On Service: Q & A with Vis Companion Heidi Akpaette

The following is the first in a series of interviews with Visitation Companions -- a lay 
community committed to the ministry of the Visitation through prayer, Salesian study and service.

The Call to Companionship

Heidi Akpaette, Vis Companion

Heidi Akpaette, Vis Companion

Q: In a few words, what inspired your call to become a Companion to the Visitation Sisters of Minneapolis? 

Heidi: I love the vision and mission of the Visitation Sisters and wanted
a tangible way to be involved.

Being a Companion offered me a way
to
invest in the community of North Minneapolis, grow in Salesian Spirituality, and be mentored
by the Visitation Sisters’ life.

Q: What is your favorite saying or teaching of St. Francis de Sales and St. Jane de Chantal?

Heidi: I am inspired by the concept of gentleness-gentleness towards self and gentleness towards others.

On Service

Q: What does the word, “service” mean to you?

Heidi: Service is giving of myself to other people, causes, and missions. It is intentionally moving beyond my own agenda into the agenda of others.

Q: What images of your service come to mind?

Heidi: Learning from the Sister’s wisdom and being in their presence. Advocating for North Minneapolis and the Visitation’s vision of presence to the neighborhood. Bringing ideas and a listening to others on the St Jane House committee. Celebrating Mass with the Sister’s. Planting sunflower seeds. Really seeing people who have their lives on the Northside.

Q: What is the setting for a recent experience of your service?

Heidi: I am at the St Jane house with two other Vis Companions and one of the sisters, we are sitting around a table. We are relaxed in the shared knowledge of the Salesian charisms and our ideas for the St Jane house and it’s mission.

Gifts, Challenges, and Salesian Aspects of Service.

Q: What gifts do you bring to your service?

Heidi: A different generation of experience, a wide variety of connections, networking abilities, and joy in meeting together.

Q: What challenges have you encountered while serving?

Heidi: Not always having the energy to bring more the table and not always having enough space in my personal life from which to give.

Q: What gifts do you receive from serving?

Heidi: Relationships with people that I would otherwise not encounter-hands down that is the best gift.

Q: Where have you found God in your experience of serving?

Heidi: In others-I encounter the living God working and breathing in other people’s lives, sometimes by their actions and sometimes by their words.

Q: What aspects of Salesian spirituality were reflected or manifested in this service experience?

Heidi: Humility in learning from others, seeing the innate dignity in other people, being present with who I am with others doing the same, enjoying a sense of humor with others, and having grace for self in judgment-and challenging myself to grow in my weakness.

On Contemplative Listening: A Doorway into a Deeper Encounter With God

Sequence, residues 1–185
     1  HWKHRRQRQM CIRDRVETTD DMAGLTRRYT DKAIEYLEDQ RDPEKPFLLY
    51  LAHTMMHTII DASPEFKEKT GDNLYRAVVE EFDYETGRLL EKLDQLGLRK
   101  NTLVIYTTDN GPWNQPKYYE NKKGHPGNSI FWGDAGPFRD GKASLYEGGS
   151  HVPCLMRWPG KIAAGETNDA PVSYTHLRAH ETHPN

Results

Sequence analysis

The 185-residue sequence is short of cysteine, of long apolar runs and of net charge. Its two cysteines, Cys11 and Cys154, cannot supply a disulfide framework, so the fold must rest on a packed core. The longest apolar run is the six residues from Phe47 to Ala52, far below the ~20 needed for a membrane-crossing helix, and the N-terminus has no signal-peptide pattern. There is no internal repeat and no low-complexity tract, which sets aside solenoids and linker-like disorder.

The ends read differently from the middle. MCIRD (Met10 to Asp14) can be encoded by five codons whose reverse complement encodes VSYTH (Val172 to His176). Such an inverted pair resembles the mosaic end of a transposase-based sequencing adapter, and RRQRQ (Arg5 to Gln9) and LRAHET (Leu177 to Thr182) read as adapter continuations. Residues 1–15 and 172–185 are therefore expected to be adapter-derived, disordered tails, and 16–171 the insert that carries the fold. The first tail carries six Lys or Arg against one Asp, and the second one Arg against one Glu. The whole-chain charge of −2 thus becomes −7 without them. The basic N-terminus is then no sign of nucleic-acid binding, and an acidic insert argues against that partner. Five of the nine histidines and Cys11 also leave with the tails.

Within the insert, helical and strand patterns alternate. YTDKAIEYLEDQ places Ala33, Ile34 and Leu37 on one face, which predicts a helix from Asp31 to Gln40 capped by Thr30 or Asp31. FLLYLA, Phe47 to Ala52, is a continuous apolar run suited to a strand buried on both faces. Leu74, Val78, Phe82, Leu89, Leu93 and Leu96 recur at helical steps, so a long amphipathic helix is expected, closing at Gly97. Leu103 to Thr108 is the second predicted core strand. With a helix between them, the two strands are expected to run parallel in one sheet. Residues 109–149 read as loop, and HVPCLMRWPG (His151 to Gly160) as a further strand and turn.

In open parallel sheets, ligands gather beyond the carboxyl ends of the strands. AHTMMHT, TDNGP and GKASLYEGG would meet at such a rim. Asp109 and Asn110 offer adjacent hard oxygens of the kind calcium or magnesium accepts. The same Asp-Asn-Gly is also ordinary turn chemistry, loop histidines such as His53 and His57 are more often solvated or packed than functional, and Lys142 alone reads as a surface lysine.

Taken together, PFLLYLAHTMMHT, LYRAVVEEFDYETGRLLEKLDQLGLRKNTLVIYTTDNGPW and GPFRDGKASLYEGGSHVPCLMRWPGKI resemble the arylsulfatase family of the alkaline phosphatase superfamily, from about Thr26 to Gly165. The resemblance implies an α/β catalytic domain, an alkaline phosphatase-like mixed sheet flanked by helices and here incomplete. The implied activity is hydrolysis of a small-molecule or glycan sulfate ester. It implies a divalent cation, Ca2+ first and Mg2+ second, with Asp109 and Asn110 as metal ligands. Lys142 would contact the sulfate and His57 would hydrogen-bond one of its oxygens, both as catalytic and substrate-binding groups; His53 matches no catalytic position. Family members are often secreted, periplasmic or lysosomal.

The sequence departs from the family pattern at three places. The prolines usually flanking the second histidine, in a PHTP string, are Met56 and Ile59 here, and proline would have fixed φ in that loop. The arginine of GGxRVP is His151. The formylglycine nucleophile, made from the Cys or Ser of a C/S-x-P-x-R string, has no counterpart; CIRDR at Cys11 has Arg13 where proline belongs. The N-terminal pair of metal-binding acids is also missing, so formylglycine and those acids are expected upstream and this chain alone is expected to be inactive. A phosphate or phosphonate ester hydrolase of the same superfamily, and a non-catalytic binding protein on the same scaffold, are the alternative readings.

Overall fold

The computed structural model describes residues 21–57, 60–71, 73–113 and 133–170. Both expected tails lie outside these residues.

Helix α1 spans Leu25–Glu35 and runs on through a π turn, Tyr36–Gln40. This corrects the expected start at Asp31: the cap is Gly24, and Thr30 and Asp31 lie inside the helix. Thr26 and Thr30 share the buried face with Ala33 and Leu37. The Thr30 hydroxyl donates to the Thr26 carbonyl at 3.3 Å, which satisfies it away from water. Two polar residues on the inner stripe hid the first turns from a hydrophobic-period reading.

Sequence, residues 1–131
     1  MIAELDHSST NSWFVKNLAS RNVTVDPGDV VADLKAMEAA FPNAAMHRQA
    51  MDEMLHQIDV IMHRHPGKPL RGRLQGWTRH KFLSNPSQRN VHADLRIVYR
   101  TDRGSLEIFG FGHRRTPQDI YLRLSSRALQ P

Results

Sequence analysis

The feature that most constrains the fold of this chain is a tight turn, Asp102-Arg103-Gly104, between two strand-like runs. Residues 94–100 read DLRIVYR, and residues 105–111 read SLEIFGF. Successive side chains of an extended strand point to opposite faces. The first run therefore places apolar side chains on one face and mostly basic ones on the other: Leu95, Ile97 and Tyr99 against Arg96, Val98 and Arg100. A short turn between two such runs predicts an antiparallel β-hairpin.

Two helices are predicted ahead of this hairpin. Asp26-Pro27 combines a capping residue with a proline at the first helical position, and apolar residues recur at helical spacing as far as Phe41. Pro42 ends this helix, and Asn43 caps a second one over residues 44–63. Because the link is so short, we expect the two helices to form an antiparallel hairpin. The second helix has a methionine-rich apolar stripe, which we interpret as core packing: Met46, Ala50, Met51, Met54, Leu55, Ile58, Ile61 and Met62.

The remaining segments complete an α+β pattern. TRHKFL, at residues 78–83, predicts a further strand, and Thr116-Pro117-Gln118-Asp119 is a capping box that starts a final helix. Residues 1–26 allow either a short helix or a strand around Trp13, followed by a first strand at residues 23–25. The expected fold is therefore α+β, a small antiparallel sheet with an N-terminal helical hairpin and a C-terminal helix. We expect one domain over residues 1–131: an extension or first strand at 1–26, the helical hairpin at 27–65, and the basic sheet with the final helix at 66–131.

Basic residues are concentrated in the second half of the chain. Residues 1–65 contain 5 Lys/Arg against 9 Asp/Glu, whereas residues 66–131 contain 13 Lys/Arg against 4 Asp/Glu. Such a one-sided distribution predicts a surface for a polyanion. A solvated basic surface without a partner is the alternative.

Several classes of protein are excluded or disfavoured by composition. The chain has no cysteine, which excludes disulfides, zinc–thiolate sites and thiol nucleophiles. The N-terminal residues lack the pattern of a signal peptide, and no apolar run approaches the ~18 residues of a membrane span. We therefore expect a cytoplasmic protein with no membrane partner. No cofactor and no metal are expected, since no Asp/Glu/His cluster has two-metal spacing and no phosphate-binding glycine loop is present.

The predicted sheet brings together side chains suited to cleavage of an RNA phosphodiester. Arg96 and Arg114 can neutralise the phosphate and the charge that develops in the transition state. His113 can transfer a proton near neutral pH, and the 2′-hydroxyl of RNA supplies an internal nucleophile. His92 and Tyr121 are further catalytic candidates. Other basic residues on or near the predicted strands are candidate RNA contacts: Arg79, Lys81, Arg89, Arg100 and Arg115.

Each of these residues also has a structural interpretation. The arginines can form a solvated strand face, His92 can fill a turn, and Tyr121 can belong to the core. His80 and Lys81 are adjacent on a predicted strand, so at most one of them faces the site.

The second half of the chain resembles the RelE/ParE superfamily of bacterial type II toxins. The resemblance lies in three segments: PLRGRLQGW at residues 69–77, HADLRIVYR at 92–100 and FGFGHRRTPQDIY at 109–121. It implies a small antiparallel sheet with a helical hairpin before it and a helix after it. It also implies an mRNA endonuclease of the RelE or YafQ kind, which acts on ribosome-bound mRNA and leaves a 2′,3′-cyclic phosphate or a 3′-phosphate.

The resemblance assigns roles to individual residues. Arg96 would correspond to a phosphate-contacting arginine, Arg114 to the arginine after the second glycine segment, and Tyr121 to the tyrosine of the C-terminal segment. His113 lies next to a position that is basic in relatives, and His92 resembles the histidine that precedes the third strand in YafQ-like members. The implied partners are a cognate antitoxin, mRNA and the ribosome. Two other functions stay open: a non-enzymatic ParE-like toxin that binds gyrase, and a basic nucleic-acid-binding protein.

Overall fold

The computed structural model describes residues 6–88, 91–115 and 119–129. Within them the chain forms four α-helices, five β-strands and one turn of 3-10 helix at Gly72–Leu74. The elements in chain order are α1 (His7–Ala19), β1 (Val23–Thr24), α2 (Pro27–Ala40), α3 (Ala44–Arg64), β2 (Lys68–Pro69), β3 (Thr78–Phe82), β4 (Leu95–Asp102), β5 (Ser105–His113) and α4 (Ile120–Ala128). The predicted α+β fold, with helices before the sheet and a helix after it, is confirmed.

Vis Companions Heidi and Bianca practice centering prayer

Vis Companions Heidi and Bianca practice contemplative listening

by Phil Soucheray, Visitation Companion

God invites. Are we willing to listen?

Be still and know that I am God.

That’s what the psalmist wrote in Psalm 46.

Like many of the psalms, the context of the lyrics refers to a powerful God in whom humanity is urged to find strength in the face of distress. But, there is another facet of messaging in those words that I find I prefer. Indeed, it’s one I find I can’t live without.

It is a message of comfort; of confidence; of connection. And, as a recent spiritual retreat hosted by the sisters of the Visitation Monastery of Minneapolis reminded us, it is one of openness and hospitality. Those who are willing to immerse themselves in the implication of the message are being offered a doorway into deeper encounter with God.

The sisters and those great spiritual guides who have long gone before call the practice of being still in order to know God, contemplative listening.  What one may hear is never a certainty. But what becomes apparent in undertaking the practice is that it’s very easy to lose God’s signal for all the noises that surround us in our daily lives.

Convened in a circle

Convened in a circle

That the sisters should be particularly skilled in contemplative listening is no surprise. It is, after all, something of a staple of the monastic community they form. That they are so solid in their commitment to its practice where they happen to live is something that impresses me deeply. And that they extend that grace and invite us into their company so we can also be still and perhaps come to know God better, is a privilege.

That sense of privilege is one I know that is shared by the rest of the Visitation Companions who participated on this special day. As one of our group observed afterward, the experience of the retreat left her feeling like Mary sitting at the feet of Jesus. This companion admits that she is more often like Martha, planning, preparing, serving.

“I can and do read lots of books and articles on Salesian spirituality,” she says. “But nothing can compare to sitting at the feet of these wise women who share their knowledge, their lived experience and their love with all.”

She goes on to say that, “On this day, I am glad that I decided to be a Mary and leave my inner Martha behind.

I would offer that so say we all who were able to partake.

Be still and know that I am God.